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Kyrgyz Head to Polls to Elect New President


Voters in Kyrgyzstan are scheduled to go to the polls Sunday to elect a new president, following former President Askar Akayev's violent ouster in March. The mass uprising that led to Mr. Akayev's downfall was sparked by public discontent over a flawed parliamentary poll earlier this year, as well as unease over rampant poverty and official corruption.

A year ago, elections in Kyrgyzstan would have yielded little public interest. But today, the country and it's voters are in the spotlight, as Kyrgyzstan attempts to hold its first free and fair poll, since ousting long-time Soviet-style leader Askar Akayev.

Sunday's election in predominantly-Muslim Kyrgyzstan will also be closely watched as the nation is now widely seen as a possible catalyst for regime change elsewhere in Central Asia.

The alliance of acting President Kurmanbek Bakiyev and popular Dignity Party politician Felix Kulov is widely expected to secure the most votes. The two most popular politicians, hailing from the South and North respectively, formed the coalition in order to secure a win, and to avoid risking dividing the country into two rival regional parts.

In the event of a win, their agreement calls for Mr. Bakiyev to become president and Mr. Kulov to become prime minister a post that may eventually assume greater powers if proposed Constitutional reforms come to pass.

Five other candidates are also running in the race, though they are not expected to pull enough votes to make any real difference on the outcome.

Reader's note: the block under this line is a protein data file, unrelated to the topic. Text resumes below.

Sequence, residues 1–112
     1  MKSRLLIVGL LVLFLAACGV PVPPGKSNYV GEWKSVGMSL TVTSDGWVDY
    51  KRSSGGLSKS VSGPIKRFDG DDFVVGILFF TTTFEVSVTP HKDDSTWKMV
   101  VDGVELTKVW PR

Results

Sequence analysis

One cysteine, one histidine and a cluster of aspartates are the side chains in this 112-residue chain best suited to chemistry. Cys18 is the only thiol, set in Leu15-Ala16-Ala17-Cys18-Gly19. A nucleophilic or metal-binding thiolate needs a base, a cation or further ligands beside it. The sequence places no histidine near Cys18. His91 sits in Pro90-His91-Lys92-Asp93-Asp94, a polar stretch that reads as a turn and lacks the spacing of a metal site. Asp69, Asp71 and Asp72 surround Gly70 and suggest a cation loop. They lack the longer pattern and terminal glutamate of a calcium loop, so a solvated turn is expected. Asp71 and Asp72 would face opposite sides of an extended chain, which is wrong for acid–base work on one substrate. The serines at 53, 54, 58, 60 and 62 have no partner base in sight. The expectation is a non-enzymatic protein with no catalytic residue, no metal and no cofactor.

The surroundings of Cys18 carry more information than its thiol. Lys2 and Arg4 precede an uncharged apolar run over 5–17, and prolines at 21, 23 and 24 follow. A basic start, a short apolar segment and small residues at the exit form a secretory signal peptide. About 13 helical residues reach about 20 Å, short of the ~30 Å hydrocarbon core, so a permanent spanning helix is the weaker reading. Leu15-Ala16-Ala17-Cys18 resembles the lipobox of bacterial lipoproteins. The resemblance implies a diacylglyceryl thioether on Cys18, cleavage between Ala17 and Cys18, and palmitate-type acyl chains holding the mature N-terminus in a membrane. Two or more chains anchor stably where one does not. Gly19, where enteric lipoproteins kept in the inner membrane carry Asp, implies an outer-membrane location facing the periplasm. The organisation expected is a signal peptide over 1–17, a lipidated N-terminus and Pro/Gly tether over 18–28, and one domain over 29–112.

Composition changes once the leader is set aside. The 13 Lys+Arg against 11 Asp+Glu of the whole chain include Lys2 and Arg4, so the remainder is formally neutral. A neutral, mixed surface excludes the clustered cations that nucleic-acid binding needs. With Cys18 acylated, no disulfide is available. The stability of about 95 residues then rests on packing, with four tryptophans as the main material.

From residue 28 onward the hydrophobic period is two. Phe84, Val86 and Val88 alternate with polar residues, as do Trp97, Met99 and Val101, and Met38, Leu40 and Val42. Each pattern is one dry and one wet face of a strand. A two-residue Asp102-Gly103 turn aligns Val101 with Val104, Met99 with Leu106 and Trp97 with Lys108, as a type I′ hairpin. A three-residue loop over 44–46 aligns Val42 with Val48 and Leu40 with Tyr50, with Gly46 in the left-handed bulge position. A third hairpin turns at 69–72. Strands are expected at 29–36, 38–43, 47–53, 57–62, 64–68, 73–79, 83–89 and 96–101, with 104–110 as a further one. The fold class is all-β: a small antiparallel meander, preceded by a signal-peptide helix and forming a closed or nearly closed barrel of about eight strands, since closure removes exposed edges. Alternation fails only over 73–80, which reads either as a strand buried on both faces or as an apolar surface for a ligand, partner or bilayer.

Kumar Bekbolotov is an analyst at the Institute for War and Peace Reporting in Bishkek. In an interview with VOA, he characterized the pre-election campaign as relatively normal. He says for the first time, candidates had equal access to the media and that the overall political situation in Kyrgyzstan has generally normalized.

According to Mr. Bekbolotov, the main concern surrounding the upcoming presidential poll is whether enough people will turn out to vote in order to make the election valid. Mr. Bekbolotov says the fear surrounding the vote count stems from two factors. "Since many people already think the acting president [Bakiyev] will already become president, they think they don't even need to go to polling stations and it would mean voter turnout would be lower. And another tendency [among] mostly urban people, and those in Bishkek, is I think Bishkek will have [the] highest number of people voting against all - and the Northern regions will also have significant number of people voting against all, because they don't support the acting president," he said.

Analyst Bekbolotov says if no candidate clears the 50 percent mark needed to win outright, a decision will then be made between holding either a second round vote, or entirely new elections. Either way, he says, a failure to secure a first-round win, will spell trouble for Krygyzstan, a country he says must move quickly to solidify new power, or face a vacuum of continued unrest and instability.

Kyrgyz officials have increased security around public buildings ahead of the vote, in the hopes of preventing any possible disruptions to the ballot.

Just one month before the election, a leading Kyrgyz lawmaker and businessman, Zhirgalbek Surabaldiyev, was shot dead close to the main government building in the capital, Bishkek.

In an interview from exile in Moscow days before the vote, former president Akayev accused the United States of organizing his ouster in order to expand its influence in Central Asia.

The Unites States, which maintains a military base in Kyrgyzstan to aid in the U.S.-led anti-terrorism efforts in Afghanistan, denies his charge. U.S. officials say the popular uprising in Kyrgyzstan was triggered by evidence of massive vote fraud and corruption, much like the earlier revolutions in Ukraine and Georgia.

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